BACK FROM THE DEAD

A basketball legend reflects on his life in the game and a life lived in the “nightmare of endlessly repetitive and constant pain, agony, and guilt.”

Walton (Nothing but Net, 1994, etc.) begins this memoir on the floor—literally: “I have been living on the floor for most of the last two and a half years, unable to move.” In 2008, he suffered a catastrophic spinal collapse. “My spine will no longer hold me,” he writes. Thirty-seven orthopedic injuries, stemming from the fact that he had malformed feet, led to an endless string of stress fractures. As he notes, Walton is “the most injured athlete in the history of sports.” Over the years, he had ground his lower extremities “down to dust.” Walton’s memoir is two interwoven stories. The first is about his lifelong love of basketball, the second, his lifelong battle with injuries and pain. He had his first operation when he was 14, for a knee hurt in a basketball game. As he chronicles his distinguished career in the game, from high school to college to the NBA, he punctuates that story with a parallel one that chronicles at each juncture the injuries he suffered and overcame until he could no longer play, eventually turning to a successful broadcasting career (which helped his stuttering problem). Thanks to successful experimental spinal fusion surgery, he’s now pain-free. And then there’s the music he loves, especially the Grateful Dead’s; it accompanies both stories like a soundtrack playing off in the distance. Walton tends to get long-winded at times, but that won’t be news to anyone who watches his broadcasts, and those who have been afflicted with lifelong injuries will find the book uplifting and inspirational. Basketball fans will relish Walton’s acumen and insights into the game as well as his stories about players, coaches (especially John Wooden), and games, all told in Walton’s fervent, witty style.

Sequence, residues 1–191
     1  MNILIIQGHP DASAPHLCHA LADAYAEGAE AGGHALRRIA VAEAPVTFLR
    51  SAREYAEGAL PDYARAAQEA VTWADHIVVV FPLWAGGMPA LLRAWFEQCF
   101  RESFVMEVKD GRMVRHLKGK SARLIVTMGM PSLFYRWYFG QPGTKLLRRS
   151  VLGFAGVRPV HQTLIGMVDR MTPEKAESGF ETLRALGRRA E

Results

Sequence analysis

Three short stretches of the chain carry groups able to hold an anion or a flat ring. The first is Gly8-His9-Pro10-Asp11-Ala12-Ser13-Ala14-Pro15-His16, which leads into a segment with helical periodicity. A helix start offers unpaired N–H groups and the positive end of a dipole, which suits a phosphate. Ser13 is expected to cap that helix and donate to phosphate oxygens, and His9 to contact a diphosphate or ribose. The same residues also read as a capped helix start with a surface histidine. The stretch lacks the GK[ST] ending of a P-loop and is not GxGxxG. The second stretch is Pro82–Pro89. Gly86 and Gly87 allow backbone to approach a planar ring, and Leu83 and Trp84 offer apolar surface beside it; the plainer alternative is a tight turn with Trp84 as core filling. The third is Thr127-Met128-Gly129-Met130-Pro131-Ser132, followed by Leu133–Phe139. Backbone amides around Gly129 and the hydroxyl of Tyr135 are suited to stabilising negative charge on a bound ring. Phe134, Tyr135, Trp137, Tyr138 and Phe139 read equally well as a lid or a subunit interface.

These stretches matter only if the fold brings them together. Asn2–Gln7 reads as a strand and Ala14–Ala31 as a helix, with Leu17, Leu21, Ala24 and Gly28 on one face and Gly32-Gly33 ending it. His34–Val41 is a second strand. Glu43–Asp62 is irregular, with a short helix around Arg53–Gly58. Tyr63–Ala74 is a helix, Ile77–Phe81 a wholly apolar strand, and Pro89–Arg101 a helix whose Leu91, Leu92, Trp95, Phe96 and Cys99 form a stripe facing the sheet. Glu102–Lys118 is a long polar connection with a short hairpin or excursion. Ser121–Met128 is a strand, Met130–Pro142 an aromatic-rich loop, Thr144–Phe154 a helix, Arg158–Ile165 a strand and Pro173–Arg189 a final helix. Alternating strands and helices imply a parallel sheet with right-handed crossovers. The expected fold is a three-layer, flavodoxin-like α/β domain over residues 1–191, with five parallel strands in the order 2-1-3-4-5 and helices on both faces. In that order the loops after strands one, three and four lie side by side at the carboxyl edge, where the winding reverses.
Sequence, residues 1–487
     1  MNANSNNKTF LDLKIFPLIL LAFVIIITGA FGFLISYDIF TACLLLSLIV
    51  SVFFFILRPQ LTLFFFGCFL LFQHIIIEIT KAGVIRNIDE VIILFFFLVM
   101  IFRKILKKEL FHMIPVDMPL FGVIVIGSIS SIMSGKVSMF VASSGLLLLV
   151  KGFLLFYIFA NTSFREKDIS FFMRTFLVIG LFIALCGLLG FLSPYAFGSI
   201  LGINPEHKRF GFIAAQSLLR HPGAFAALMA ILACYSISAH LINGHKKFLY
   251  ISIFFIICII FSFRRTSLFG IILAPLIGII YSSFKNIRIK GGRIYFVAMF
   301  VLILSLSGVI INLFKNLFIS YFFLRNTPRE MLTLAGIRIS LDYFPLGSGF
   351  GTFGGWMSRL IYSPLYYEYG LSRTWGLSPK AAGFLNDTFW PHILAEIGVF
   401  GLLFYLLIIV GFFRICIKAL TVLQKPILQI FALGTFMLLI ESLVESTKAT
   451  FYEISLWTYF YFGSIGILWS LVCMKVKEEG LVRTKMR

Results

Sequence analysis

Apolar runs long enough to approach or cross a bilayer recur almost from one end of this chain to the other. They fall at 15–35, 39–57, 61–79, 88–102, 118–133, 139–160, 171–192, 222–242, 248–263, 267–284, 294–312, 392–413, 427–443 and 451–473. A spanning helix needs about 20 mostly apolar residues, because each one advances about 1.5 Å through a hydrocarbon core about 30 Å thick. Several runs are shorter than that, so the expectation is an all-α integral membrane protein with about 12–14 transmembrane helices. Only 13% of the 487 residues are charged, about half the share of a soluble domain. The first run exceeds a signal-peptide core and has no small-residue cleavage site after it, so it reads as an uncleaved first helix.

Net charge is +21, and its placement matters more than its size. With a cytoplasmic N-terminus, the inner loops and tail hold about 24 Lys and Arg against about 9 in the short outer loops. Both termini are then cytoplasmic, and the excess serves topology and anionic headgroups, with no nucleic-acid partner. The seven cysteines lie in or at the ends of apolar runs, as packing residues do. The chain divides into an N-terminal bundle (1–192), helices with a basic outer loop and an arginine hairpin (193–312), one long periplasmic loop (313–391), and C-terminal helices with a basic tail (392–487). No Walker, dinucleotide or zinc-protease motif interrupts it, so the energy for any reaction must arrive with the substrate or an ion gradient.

One of the NBA’s 50 greatest players scores another basket—a deeply personal one.

Pub Date: March 8, 2016

ISBN: 978-1-4767-1686-2

Page Count: 352

Publisher: Simon & Schuster

Review Posted Online: Dec. 19, 2015

Kirkus Reviews Issue: Jan. 1, 2016